photo4 (1)
Tasks I did as an apprentice facilitator. Seems like I am having fun in my job.

Yet this feels more like a challenge than a hindrance. I have told myself that it is time to move forward and I need to learn more skills that are more applicable in my adult day-to-day life. It is about time that I earn more respect from campers seeing me more as an actual adult rather than as a peer their age, who is actually an adult in disguise. While dreaming to be one of the senior camp facilitators in the future, I also need to be well-trained before joining their circle. Being an apprentice facilitator has fully exploited my skills in becoming a leader, and has boosted my self-worth and sense of accomplishment.

This year’s camp is indeed as memorable as my first. The following pictures sum up all the fun.

photo2

photo2 (1)

photo4

photo12

And this leaves me with..

photo1
My certificates as junior (2012) and apprentice (2014) facilitators. Who knows what will happen next? #aiminghigh

Further reading

#FlashbackFriday to my first camp: Why Camp L.I.F.E. is worth your summer 🙂

Like One Dream Benefit Concert, CAMP L.I.FE is also organized by Candent Learning Haus (CLH), a center for tutoring and special needs. Check their official website (http://candentlearninghaus.wix.com/candentlearninghaus) for more details.

One day at The Maya’s Kitchen..

Just when I thought of taking a baking class. I’ve always been involved in arts and music, my earliest passions in life, and thought of moving to a new direction where I can explore new interests such as culinary arts. I told myself that it would serve me in the future especially when moving away from parents, getting married and having my own family. My undeniable love for desserts also drove me to learn baking. I’ve been looking for a prestigious short baking course that’s worth my experience and to my luck, end up attending basic baking courses at The Maya’s Kitchen.

It is definitely one of the best courses I’ve been to. I’m not only referring to culinary arts courses but to courses in different areas. I’ve lived my life studying several courses such as voice, guitar, piano, charcoal painting, life coaching and personality development, theater acting workshops, and now, basic baking. It is my first time studying a culinary related course and the basic baking from Maya’s already satisfied me. I learned how to bake a variety of delicacies (bread, cakes, pastries, cookies..) and a few tips to bake them more effectively as to provide good taste, texture and appearance. Here are the snapshots taken during the demo and the hands-on.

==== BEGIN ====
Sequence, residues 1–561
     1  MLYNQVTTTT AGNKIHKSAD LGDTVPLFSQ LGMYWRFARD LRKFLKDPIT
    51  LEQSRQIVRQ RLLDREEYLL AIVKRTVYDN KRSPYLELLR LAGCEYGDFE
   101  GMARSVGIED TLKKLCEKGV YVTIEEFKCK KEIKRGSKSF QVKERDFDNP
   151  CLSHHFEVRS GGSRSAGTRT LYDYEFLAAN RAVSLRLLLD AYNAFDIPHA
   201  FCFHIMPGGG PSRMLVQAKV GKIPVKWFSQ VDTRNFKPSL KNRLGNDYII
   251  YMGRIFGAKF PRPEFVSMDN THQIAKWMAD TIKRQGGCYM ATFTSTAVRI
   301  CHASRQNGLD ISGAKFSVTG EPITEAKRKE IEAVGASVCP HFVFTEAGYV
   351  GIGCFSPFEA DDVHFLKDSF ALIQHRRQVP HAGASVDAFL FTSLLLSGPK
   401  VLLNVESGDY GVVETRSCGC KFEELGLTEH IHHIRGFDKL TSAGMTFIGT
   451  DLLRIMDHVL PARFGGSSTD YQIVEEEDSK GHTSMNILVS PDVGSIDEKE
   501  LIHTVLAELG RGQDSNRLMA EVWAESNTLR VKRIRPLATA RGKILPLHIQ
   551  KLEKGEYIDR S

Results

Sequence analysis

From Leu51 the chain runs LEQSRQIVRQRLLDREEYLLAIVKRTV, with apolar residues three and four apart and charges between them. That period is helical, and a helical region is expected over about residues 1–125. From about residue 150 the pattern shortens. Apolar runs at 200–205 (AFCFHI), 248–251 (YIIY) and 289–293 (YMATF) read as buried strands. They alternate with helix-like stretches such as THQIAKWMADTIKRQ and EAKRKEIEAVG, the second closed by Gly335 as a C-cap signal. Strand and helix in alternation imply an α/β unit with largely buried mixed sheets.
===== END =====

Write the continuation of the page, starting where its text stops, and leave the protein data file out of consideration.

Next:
1373446776427
The “mis-en-place”, wherein the bakers prepare the ingredients needed. The fundamental step in baking

???????????????????????????????
Cream Puffs in form of bird
IMG_20130710_142710
Chiffon Cake (top) and Pineapple Pie (bottom)
IMG_20130710_143950
Dark Chocolate Cupcakes
IMG_20130711_130128
Spanish Bread sample from the baking demo
IMG_20130711_130133
Ensaymada samples from the baking demo
IMG_20130711_133322
Bread dough for pandesal. Let it rise (covered in cloth) before the actual baking
IMG_20130712_111721
Focaccia topped with caramelized onion and pepper, from special demo by Chef John

If you’re looking for a baking and other culinary-related course, the Maya’s Kitchen is definitely a must go! It is good to interact with an experienced instructor and sometimes course mates, who will guide you in giving your desserts a better flavor. Another reason for appreciating this course is I gained some friends. It is a relief knowing that other adults still explore their passions as I’ve always been doing.

IMG_20130712_133102
Basic Baking Class Batch July 09-12, 2013 with instructor Ms. Rory Quintos
IMG_1988
The Maya Kitchen’s freebies sported by dearest plushies
IMG_1994
Post-baking reads
IMG_20130712_132702
And finally, my baking certificate!

For more inquiries about the course and center, kindly visit the Maya’s Kitchen website. There is more to this culinary art center than my blog can tell. 🙂

Up ↑